Avapritinib Yields Promising Results in Nonadvanced Systemic Mastocytosis


Primary and secondary end points from the phase 2 PIONEER trial assessing avapritinib in nonadvanced systemic mastocytosis were met.

Treatment with avapritinb (Ayvakit) plus best supportive care (BSC) yielded statistically significant and clinically meaningful improvements in patient-reported symptoms and objective mass cell burden compared with placebo plus BSC in patients with nonadvanced systemic mastocytosis, according to topline findings from the phase 2 PIONEER study (NCT03731260).

These improvements were observed across all primary and secondary end points. Developer Blueprint Medicines has plans to submit a supplemental new drug application for avapritinb in this indication to the FDA based on these findings in the fourth quarter of this year. Moreover, there are plans to submit a type II variation marketing authorization to the European Medicines Agency in 2023.

Data from the PIONEER trial are set to be presented at an upcoming medical meeting.

“As a physician and clinical researcher who has been treating [patients with] non-advanced systemic mastocytosis for over 25 years, I have been awaiting a therapy that decreases the abnormal mast cell burden and activation, improves a wide range of symptoms, and ultimately provides an improved quality of life to patients,” investigator Mariana Castells, MD, PhD, director of the Mastocytosis Center at Brigham and Women’s Hospital, said in the press release. “For patients with non-advanced [systemic mastocytosis], PIONEER is the first study to show significant clinical improvements over best available care across patient-reported symptoms and objective measures of disease, with a safety and tolerability profile supporting chronic treatment. The trial results suggest that if approved, Ayvakit would represent a practice-changing treatment, enabling important clinical benefits for a broad range of patients with non-advanced [systemic mastocytosis].”

Avapritinb is a selective inhibitor of D816V mutant KIT, a known driver of systemic mastocytosis for 95% of reported cases. The disease is known to result in skin, gastrointestinal, neurocognitive, and other systemic symptoms as well as potential fatal anaphylaxis.

Findings from the study indicated that the primary end point of significant mean change in total symptom score (TSS) at 24 weeks with the experimental regimen was met (P = .003) with a mean reduction of 15.6 points which increased to 20.2 points at 48 weeks among those who rolled over to the phase 3 expansion study. In the control group, the mean TSS reduction was 9.2 points at 24 weeks. Additional findings showed that serum tryptase reduction of 50% or more was achieved by 53.9% of patient in the experimental arm experiencing compared with no patients in the control arm.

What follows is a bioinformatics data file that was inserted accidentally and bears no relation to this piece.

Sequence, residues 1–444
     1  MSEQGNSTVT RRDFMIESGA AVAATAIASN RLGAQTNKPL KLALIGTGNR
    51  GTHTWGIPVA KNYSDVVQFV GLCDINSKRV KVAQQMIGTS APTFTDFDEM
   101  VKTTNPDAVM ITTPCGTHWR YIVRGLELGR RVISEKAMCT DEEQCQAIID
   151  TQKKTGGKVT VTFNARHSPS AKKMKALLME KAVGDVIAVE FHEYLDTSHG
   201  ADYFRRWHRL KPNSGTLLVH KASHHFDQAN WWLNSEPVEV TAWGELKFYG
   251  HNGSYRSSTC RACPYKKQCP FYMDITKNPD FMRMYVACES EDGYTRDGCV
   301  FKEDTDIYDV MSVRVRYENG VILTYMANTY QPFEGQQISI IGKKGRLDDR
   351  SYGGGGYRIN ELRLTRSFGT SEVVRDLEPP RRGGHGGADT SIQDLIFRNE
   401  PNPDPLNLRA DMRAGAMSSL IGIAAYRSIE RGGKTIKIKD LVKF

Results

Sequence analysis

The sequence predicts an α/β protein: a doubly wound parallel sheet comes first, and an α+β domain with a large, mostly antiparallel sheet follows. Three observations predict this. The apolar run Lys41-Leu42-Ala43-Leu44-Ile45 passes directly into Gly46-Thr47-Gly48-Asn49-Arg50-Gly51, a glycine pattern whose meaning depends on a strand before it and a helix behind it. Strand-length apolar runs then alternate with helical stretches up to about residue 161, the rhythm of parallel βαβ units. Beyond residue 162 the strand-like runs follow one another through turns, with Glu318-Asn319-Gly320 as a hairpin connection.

The agent also demonstrated a promising safety profile, with 96.5% of patients in the avapritinb arm completing treatment at 24 weeks vs 93.0% in the control arm. A total of 0.7% of patients in the avapritinb cohort compared with no patients in the control cohort discontinued treatment due to treatment-related adverse effects.

“Ayvakit has the potential to be the first approved medicine for non-advanced [systemic mastocytosis], and the only treatment that would address the genetic root cause across advanced and non-advanced forms of the disease. Today’s milestone represents a watershed moment for the systemic mastocytosis community and Blueprint Medicines, capping a decade of collaboration with clinicians, advocates and patients to transform standards of care, and to deepen the understanding of this disease and its impact on various aspects of patients’ lives,” Becker Hewes, MD, chief medical officer at Blueprint Medicines, concluded.


Blueprint Medicines announces positive top-line results from PIONEER trial of AYVAKIT® (avapritinib) in patients with non-advanced systemic mastocytosis achieving primary and all key secondary endpoints. News release. August 17, 2022. Accessed August 17, 2022. https://bit.ly/3Atb9lk

Related Videos
In the October edition of Snap Recap, we review the latest FDA news and the vote from the last ODAC meeting.
In this September edition of Snap Recap, we share our highlights from Prostate Cancer Awareness Month, news in the breast cancer space, and the latest FDA updates.
Implementing tax benefits for manufacturers who produce chemotherapy drugs may be one solution to increase drug production in the United States, according to Lucio N. Gordan, MD.
Lucio N. Gordan, MD, describes how his practice deals with increasing costs of limited chemotherapy agents to ensure that patients with cancer continue to receive treatment.
Lucio N. Gordan, MD, also discusses how increasing domestic manufacturing of chemotherapy may help in alleviating the ongoing shortages of carboplatin and cisplatin in the United States.
Kirollos Hanna, PharmD, BCPS, BCOP, FACCC, believes that national legislation can help to resolve the United States’ current dearth of cisplatin, as well as prevent future problems.
Using an AUC of 5 instead of an AUC of 6 can help to conserve cisplatin among patients with cancer, Kirollos Hanna, PharmD, BCPS, BCOP, FACCC says.
While there is a cisplatin shortage in the United States, the FDA has approved the importation of select chemotherapy drugs from China to help mitigate the scarcity of the agents.
Recommendations penned by the American Society of Clinical Oncology and Society for Gynecologic Oncology may be critical in managing the ongoing chemotherapy shortage, according to Michael Ganio, PharmD, MS, BCPS, FASHP.
Related Content